An artificial vision system intended as a safety backup for drivers is under development by the National Information and Communications Technology Australia (NICTA) lab in Canberra.

The Driver Assistance System (DAS) optically checks roadside signs and alerts the driver if there is no response to critical signs, such as those indicating speed limits.

Three cameras provide the primary inputs. One mounted behind the rearview mirror scans the road ahead. Two cameras fitted to the corners of the dashboard generate a stereo image of the driver’s gaze to monitor where he or she is looking.

This information is interpreted by software in the DAS’s central control unit, which is programmed with a database of all known road signs. A further input comes from the speedometer.

The road “view,” the driver’s awareness of same and vehicle speed thus are monitored and combined in a closed loop to support the driver in making decisions. The DAS’s automated sign recognition software checks for any lapses in attention due to distractions, such as cell phoning, or some other lack of concentration.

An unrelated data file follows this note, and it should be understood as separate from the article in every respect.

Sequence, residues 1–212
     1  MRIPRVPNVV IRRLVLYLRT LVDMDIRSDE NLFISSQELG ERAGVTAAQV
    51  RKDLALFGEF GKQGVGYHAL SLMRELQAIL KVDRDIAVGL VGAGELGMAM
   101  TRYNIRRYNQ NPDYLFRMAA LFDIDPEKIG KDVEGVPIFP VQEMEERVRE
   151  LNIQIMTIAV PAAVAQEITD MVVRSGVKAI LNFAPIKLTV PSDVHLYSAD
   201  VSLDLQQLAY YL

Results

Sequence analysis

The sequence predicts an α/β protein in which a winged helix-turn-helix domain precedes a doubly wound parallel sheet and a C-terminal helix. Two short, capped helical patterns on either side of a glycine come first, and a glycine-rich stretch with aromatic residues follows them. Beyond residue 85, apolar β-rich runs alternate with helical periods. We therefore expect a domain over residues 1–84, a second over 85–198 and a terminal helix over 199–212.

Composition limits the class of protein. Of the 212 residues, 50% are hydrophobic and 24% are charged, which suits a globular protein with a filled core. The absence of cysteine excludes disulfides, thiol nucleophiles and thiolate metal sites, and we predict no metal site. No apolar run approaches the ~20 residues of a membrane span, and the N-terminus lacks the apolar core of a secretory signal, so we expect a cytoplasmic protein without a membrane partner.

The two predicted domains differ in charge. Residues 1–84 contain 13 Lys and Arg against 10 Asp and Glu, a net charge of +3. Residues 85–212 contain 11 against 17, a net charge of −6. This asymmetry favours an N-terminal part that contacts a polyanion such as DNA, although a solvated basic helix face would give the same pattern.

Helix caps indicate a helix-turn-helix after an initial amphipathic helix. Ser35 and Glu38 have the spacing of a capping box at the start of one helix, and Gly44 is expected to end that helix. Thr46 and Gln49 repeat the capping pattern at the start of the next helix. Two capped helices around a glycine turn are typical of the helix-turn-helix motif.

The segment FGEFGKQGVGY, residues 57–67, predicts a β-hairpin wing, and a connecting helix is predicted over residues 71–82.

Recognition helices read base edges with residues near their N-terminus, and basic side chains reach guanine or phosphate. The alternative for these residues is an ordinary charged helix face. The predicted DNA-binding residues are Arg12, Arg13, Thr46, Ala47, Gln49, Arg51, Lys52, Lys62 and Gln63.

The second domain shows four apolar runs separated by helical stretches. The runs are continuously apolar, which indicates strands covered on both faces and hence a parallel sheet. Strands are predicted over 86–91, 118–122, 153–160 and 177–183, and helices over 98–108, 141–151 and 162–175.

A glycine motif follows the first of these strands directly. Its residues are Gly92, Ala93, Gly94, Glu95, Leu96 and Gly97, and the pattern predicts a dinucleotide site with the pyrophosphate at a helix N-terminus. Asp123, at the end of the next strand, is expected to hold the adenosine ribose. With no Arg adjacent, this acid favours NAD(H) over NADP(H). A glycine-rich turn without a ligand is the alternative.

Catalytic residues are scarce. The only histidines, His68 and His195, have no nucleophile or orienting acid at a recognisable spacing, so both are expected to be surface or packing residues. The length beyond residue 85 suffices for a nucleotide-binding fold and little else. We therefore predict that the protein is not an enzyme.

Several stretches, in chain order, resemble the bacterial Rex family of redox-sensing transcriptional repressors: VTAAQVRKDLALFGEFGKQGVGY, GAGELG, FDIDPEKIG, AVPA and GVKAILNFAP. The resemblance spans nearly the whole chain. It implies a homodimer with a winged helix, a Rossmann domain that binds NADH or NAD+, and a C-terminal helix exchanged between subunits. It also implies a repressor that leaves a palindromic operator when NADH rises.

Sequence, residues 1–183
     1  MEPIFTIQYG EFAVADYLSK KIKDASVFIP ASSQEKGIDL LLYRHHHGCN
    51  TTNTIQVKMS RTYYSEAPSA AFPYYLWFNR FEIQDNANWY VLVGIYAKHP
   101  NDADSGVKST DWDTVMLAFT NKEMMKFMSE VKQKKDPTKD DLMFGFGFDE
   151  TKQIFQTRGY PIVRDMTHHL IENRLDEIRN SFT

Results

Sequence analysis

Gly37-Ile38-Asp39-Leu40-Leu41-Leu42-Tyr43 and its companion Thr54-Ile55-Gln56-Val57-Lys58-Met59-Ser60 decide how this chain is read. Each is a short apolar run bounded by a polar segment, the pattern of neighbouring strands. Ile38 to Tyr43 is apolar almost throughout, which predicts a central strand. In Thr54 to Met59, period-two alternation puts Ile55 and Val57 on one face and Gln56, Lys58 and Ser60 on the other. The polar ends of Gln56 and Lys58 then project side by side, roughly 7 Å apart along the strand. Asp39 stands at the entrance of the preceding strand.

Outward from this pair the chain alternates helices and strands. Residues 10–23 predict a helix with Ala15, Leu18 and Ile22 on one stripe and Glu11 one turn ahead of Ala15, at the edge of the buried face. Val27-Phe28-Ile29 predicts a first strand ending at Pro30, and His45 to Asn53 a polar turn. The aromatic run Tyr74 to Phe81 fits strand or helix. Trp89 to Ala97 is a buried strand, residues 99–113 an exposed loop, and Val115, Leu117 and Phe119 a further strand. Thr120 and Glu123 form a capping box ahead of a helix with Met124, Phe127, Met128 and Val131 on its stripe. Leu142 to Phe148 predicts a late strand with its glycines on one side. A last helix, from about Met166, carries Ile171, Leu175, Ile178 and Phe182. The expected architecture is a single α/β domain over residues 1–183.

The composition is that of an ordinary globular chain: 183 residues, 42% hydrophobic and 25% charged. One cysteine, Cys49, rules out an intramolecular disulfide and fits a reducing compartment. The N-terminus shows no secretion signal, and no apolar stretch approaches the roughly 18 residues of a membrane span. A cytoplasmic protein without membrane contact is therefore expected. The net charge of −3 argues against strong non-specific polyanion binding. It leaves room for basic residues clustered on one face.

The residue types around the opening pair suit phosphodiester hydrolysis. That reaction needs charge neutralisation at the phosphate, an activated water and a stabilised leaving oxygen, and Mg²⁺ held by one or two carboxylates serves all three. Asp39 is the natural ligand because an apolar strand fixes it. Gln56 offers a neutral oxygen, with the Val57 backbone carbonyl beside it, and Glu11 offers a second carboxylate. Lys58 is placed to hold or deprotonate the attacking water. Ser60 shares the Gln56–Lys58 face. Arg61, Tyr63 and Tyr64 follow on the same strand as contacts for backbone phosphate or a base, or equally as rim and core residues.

Every scanned sign is compared with the DAS database of stored images of symmetrical shapes, including octagons, triangles, diamonds and circles.

If there is a speed limit, for example, that the driver hasn’t acknowledged – perhaps the brakes aren’t applied – the system sounds a warning. Stop and yield signs also are monitored, with the system taking into account if the driver is slowing down. These key signs also can trigger the alert.

Less critical signs, such as directional information at road intersections, are ignored, but could appear on a discrete visual display the driver can view when convenient – if trying to determine if the proper route was followed, for example.

Robert Bosch GmbH recently showed similar technology for a sign-recognition system. (See related story: Bosch’s Solution For Speeding)

The development of DAS is an ongoing safety project at NICTA.